In 2016, the Modi Sarkar has demonitised, 14.95 lakh crores rupees out of 16.38 lakh crores.Anyone can see immediately see how the amount of high denomination currency demonetised has explosively grown from from 1.52% of currency in circulation to nearly 86% of the currency in circulation. Naturally, the impact on the economy especially when it comes to cash transaction is certainly unprecedented in the third one, compared to the first two attempts.
It is generally said that when people try, they may succeed in their third attempt. The question is will the Modi sarkar prove to be third time lucky? As an ardent admirer and well wisher of our eneretic PM who is a Karmayogi,I venture to sumit some ideas to ensure success in this great noble national effort.I strongly believe that these measures will result in a permanent longlasting change for the better in the political culture of our country.
1 . In an emotionally charged speech, Prime Minister Modi on 13th November 2016, indicated what is his future strategy, when he said that the fight against black money will continue relentlessly. Action on the legislative side for the confiscation of benami property has already been initiated and the legislative measure is in the advanced stage.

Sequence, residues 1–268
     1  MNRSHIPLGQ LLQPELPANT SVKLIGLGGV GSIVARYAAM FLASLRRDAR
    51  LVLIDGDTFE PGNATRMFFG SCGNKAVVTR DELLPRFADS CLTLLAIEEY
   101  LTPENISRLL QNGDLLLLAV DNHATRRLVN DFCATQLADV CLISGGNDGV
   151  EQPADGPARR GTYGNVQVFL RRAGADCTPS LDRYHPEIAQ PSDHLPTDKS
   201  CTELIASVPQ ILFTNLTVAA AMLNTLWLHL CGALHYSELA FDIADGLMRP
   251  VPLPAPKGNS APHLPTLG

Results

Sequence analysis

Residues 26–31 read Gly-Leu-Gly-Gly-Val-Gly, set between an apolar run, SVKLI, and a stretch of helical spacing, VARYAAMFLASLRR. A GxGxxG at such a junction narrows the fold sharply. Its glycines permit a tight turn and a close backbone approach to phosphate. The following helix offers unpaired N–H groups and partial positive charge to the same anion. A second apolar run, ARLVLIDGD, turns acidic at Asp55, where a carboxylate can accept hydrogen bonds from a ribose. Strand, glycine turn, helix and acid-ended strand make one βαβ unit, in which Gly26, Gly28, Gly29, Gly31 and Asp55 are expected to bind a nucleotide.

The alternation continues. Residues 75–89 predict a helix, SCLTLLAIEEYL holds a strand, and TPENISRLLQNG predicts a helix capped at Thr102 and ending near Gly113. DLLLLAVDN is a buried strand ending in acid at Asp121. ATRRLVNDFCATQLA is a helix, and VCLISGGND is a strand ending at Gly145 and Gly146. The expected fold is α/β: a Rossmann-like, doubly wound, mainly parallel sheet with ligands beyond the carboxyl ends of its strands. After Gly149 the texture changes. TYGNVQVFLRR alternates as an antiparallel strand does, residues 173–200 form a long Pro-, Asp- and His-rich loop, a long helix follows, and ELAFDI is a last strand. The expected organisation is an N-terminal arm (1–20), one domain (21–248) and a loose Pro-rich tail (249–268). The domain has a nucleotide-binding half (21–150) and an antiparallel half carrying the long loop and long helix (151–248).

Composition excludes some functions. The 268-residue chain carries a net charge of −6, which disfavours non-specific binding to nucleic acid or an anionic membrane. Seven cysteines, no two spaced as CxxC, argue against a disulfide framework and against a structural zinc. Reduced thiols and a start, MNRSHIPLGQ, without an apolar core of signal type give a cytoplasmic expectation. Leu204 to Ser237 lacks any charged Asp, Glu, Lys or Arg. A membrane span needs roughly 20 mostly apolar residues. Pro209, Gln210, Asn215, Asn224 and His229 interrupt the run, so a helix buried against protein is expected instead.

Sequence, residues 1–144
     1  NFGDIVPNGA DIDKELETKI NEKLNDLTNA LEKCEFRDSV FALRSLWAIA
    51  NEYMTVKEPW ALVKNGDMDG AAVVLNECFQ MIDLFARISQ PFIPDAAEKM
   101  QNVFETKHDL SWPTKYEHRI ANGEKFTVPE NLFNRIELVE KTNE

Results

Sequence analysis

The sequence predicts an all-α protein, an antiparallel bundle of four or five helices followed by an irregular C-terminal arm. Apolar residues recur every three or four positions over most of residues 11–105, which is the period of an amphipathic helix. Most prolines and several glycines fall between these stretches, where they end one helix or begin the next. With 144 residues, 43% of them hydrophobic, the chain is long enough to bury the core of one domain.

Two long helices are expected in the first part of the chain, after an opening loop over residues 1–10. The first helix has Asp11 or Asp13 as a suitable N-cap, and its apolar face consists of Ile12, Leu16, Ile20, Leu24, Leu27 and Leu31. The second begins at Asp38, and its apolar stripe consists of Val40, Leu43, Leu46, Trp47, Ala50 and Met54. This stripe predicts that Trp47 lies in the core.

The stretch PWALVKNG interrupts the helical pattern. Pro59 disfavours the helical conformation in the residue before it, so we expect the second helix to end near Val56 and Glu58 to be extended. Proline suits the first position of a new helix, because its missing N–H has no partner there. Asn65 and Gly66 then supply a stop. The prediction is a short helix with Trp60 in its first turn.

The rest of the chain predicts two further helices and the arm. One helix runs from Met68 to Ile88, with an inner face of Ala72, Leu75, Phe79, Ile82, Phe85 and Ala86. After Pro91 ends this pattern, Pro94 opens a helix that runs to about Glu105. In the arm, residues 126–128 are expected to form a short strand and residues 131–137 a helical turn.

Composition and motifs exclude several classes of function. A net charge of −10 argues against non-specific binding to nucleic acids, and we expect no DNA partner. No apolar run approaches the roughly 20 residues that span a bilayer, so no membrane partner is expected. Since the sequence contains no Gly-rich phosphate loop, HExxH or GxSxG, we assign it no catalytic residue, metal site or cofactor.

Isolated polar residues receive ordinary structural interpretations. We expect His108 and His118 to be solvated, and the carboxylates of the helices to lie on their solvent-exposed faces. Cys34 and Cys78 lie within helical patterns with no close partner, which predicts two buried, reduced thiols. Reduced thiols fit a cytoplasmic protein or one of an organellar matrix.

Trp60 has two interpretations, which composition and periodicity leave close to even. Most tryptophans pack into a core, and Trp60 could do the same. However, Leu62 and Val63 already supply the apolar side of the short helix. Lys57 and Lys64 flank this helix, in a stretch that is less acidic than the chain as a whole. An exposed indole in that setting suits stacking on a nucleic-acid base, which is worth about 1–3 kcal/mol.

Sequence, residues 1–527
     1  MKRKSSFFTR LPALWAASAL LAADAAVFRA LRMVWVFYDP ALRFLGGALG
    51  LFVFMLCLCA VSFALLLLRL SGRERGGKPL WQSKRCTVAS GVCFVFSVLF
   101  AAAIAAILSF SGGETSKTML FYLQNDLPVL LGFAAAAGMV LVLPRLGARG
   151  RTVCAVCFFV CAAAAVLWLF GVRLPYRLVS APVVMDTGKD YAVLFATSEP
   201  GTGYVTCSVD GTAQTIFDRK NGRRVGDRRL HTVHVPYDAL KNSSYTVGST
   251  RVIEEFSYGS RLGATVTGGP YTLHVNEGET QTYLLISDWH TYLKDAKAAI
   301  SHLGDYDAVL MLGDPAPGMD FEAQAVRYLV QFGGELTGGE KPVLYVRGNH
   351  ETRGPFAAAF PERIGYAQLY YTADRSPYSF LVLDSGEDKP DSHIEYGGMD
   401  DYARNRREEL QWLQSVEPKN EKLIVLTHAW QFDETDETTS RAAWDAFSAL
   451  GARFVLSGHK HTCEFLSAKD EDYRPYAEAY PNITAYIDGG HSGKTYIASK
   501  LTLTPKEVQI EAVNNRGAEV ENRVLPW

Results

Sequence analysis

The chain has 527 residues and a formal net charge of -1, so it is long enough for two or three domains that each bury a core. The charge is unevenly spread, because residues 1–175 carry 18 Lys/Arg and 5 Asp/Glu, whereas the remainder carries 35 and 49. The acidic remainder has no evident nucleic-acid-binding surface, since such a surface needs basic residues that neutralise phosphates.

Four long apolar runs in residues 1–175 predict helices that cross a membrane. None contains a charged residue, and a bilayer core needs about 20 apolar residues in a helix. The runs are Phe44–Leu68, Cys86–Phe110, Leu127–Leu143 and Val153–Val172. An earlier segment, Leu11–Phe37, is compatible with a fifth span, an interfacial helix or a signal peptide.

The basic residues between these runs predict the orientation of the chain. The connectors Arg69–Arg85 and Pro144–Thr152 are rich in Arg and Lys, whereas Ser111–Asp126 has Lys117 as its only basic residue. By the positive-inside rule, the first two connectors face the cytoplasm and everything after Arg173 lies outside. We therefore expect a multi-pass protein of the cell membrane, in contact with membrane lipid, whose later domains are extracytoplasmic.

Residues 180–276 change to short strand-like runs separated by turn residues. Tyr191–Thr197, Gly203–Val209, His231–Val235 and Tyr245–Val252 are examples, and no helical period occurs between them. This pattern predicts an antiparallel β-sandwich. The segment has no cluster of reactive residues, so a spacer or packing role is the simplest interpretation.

2. The launching of the GST will go a long way in helping to curb the growth of black moneyby removing bottlenecks in red tape and the corruption breeding inspector raj.
3. One vital important measure which I would very strongly urge that PM should take is to ensure that this third attempt of demonetisation and tackling of black money in the economy does not fail like its predecessors.
The GOI must immediately enact THE PROPOSAL OF THE LEGAL EAGLE FALI NARIMAN MADE IN THE RAJYA SABHA WHEN HE WAS A NOMINATED MEMBER OF THAT HOUSE TO NATIONALISE ALL THE ACCOUNTS OF INDIAN CITIZENS IN THE TAX HAVENSOF THE WORLD .This will ensure that a large loophole in our current financial architecture is plugged that in future the black money will not accumulate there. This will mean creating a new Nariman Point in Indian financial architecture.This will be clear from the following:
Even the worst critics of Modi Sarkar accept that as the government reaches the mid point of its five year term, it is remarkably free from any taint of major scams like its predecessors UPA I and UPA II.
Fight against black money especially the trillions of dollars salted away by Indian citizens in tax havens abroad was an important issue on which Narendra Modi contested the elections and vaulted to power in 2014